In Reply to: Re: mechanical properties of Al-Sc alloys posted by Roberta Lazzeri on 04/22/02 at 7:20 AM:
The effect of Sc on the mechanical properties of an Al alloy will be dependent on the alloy to which you add it, and on the thermomechanical processing of the alloy.
In general, the effect on the strength is more pronounced when Sc is added to alloys that are regarded as "non heat-treatable" (i.e. pure Al, Al-Mn and Al-Mg alloys). In these alloys, an increase in tensile yield strength and ultimate tensile strength of 100 MPa or more should be easy to achieve by adding typically 0.2 wt.% Sc, solutionize the alloy (if feasible) and then do precipitation hardening at 250 - 320░C for somewhere between 3 and 30 hours. (Whether the alloy still should be classified as non heat-treatable is another issue ... )
For heat treatable alloys such as Al-Cu, Al-Mg-Cu,
and Al-Zn-Mg, Sc is not necessarily added for the purpose of particle strengthening, but maybe more for the purpose of microstructure control, for instance by preventing recrystallisation. In this case dispersoids of Al3Sc may be formed at temperatures in the range 400 - 550░C, and these dispersoids do per se give only a minor increase in the yield strength and ultimate tensile strength. However, there may be a significant contribution to the strength from the non-recrystallised structure. I would assume that when Sc is added to heat treatable alloys, the achievable increase in yield strength and ultimate tensile strength is in the order of 10%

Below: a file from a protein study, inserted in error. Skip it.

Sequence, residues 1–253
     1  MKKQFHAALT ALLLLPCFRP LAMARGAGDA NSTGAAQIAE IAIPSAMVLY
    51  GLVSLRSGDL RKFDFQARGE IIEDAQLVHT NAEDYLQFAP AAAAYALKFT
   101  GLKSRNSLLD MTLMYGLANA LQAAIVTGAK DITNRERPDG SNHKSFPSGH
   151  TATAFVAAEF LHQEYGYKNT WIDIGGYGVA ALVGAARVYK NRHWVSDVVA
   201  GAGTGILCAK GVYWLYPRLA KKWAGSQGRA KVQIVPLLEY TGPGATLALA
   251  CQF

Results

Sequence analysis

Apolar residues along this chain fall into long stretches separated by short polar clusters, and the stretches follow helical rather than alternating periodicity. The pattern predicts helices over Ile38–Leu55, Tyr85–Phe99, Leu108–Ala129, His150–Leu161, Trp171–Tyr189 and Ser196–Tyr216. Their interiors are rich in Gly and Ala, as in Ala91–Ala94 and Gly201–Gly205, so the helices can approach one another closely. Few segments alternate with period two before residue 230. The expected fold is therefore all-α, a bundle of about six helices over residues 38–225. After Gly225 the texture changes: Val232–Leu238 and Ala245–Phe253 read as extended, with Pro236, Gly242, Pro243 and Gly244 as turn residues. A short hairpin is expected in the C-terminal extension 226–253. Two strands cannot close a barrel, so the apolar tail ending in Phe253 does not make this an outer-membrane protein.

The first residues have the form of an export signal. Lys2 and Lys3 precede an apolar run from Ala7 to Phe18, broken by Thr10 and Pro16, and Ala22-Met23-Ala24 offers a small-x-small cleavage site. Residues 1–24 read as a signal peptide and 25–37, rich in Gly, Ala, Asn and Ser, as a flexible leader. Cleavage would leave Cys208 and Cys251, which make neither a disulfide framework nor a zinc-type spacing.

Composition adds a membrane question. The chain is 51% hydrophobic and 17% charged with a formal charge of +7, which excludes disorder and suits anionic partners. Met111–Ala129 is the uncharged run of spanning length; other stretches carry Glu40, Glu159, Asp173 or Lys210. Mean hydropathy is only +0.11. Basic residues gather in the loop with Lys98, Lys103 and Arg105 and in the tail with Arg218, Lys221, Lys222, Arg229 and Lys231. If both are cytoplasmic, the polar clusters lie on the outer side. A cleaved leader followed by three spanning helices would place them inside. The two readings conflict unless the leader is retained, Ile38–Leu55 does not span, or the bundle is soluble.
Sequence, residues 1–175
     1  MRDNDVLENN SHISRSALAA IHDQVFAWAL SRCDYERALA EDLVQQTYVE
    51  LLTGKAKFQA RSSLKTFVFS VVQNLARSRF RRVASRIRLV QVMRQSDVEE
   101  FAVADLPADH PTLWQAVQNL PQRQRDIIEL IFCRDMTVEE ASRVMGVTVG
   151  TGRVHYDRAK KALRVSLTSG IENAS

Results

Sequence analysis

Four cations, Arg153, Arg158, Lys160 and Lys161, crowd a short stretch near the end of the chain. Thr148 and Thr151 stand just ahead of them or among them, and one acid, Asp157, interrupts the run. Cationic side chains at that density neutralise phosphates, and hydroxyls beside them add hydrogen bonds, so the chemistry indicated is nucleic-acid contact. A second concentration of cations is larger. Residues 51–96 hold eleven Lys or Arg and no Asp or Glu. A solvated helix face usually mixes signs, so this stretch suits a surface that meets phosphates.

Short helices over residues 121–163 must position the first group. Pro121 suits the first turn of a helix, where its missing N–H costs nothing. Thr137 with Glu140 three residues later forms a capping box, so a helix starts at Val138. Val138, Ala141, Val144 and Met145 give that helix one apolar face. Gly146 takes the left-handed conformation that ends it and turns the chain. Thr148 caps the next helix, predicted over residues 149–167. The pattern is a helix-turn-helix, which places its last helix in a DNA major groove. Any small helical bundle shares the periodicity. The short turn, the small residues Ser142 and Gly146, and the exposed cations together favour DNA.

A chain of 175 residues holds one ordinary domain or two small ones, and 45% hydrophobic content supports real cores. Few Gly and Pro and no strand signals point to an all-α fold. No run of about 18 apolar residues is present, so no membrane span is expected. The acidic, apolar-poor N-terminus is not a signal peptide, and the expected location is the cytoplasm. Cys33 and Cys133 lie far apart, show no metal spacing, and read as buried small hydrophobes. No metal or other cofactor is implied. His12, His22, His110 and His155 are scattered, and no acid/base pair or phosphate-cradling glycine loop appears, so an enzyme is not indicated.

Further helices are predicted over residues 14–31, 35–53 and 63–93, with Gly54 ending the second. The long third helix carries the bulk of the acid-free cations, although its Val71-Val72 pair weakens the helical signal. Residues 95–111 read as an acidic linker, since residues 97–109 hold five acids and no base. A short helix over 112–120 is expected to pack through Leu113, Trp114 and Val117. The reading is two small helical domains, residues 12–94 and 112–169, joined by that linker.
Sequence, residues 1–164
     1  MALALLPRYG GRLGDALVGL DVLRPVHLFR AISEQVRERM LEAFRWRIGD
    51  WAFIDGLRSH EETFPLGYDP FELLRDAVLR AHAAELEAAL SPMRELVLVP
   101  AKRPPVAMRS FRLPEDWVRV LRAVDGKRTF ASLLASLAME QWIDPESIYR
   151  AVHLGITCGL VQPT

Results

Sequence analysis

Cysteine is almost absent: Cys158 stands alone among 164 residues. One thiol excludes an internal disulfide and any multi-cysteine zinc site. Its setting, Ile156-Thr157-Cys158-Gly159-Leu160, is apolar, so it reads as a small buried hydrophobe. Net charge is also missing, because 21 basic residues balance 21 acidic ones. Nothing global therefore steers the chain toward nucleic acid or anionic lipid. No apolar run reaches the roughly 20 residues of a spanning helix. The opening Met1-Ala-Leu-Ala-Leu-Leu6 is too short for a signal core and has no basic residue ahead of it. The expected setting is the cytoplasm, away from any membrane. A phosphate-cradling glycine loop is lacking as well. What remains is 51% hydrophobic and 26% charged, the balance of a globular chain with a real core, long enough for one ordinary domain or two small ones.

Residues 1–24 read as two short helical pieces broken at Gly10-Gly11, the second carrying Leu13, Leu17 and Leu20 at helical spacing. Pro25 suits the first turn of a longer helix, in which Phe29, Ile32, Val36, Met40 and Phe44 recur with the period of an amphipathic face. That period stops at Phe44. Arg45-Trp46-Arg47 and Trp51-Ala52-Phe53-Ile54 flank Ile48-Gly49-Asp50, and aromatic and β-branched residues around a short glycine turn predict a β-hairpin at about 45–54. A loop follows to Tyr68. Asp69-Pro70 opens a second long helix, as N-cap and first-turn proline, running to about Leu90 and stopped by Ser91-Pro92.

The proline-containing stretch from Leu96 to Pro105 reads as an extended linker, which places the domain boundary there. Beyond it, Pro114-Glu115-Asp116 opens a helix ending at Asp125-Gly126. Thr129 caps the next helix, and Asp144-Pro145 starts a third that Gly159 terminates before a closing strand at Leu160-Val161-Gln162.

(say, anywhere between 3% and 20 %).
When it comes to crack growth rate, I must admit that I know close to nothing. I recall that some fatigue results for Al-Mg alloys with and without Sc are reported in the literature:
H.-J. Gudladt, P. Nagy: The Cyclic Crack Propagation Behaviour of a Hardenable Polycrystalline Al-Mg-Sc Alloy, Mater. Sci. Forum 13/14 (1987) 407-412
A.R. Krause, R.A. Chernenkoff and R.G. Davies: The Effect of Transition Metals on the Fatigue Response of a 5754 Type Alloy, Proc. Light Metals 1999, Eds. M. Bouchard and A. Faucher, August 22-26, 1999, Quebec City, Quebec, Canada 429-438
O. Roder et al.: Correlation Between Microstructure and Mechanical Properties of Al-Mg Alloys Without and With Scandium, Mater. Sci. Forum 217-222 (1996) 1835- 1840
O. Roder et al.: Fatigue Properties of Al-Mg Alloys With and Without Scandium, Mater. Sci. Eng. A234-236 (1997) 181-184
Gudladt and Nagy foud that there is little, if any, effect of Sc on the crack propagation rate in the alloys that they studied.
Krause et al. found that Sc significantly enhanced the fatigue performance of an Al-Mg-Mn alloy.
Roder er al. found that adding Sc to an Al-Mg alloy increased the resistance to microcrack growth but slightly decreased the resistance to macrocrack growth.
If you could be a little bit more specific with regards to which alloys that you are going to add Sc to, and to what kind of thermomechanical processing that you want to apply to them, I'd be happy to participate in a discussion about what kind of properties one would expect.